NASA is heading the Leonid Multi-Instrument Aircraft Campaign, the first mission in the agency's Astrobiology Program. Peter Jenniskens, of the Search for Extraterrestrial Intelligence (SETI) institute and NASA Ames Research Center, conceived of and organized the experiment, which is also supported by NSF, the Air Force, and NHK Japanese television. Also collaborating are five universities, the Ondrejov Observatory (Czech Republic), and the Aerospace Corporation.
The Leonids storm will occur when the earth enters the dense debris behind comet 55P/Tempel-Tuttle over a roughly two-hour span on 17 November and again on 18 November 1999. Although the comet returns every 33 years, some of its visits have been especially noteworthy. In 1966, observers in western North America logged thousands of meteors in a 20-minute period. In 1833, a fantastic swarm of meteors--some reportedly as bright as the moon--may have helped trigger the U.S. religious revivals of the late 1830s and 1840s.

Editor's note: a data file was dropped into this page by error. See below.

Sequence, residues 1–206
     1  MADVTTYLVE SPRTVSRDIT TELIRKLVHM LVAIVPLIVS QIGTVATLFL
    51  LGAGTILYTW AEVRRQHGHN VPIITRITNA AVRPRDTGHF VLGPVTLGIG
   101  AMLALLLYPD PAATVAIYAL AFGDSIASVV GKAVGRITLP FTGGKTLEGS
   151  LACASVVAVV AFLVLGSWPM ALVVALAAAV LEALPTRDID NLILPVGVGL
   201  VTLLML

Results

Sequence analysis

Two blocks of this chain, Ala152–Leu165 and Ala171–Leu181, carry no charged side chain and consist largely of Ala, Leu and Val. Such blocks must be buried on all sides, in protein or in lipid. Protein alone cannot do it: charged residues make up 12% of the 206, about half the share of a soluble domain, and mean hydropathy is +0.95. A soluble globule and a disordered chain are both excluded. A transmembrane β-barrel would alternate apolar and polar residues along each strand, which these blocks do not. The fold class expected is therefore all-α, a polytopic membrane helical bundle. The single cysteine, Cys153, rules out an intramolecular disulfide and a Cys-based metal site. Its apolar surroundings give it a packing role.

The scientific importance of this experiment hinges on how a meteor's mass compares to its brightness and to the mass of its parent comet. The Electra will carry:
The Air Force's KC-135 will circle the Electra in a racetrack pattern between 30,000 and 40,000 feet while the Electra flies back and forth (north-south) within the loop about 10,000 feet lower. Both will be safe from the meteors above, which will burn up 60 to 75 miles (100 to 120 km) above ground. On the night of 23-24 October, an Electra test flight from Jeffco succesfully calibrated instruments while taking advantage of a milder meteor shower, the Orionids, that featured up to ten meteors per hour.
"There's a lot of excitement and a lot of uncertainty, which extends even to the intensity of the event," says Jenniskens. "It could be a light to moderate shower or a full-blown storm." Adds RAF project manager Bruce Morley, "We don't know much about iron in the atmosphere. Observing just one meteor will make a big difference."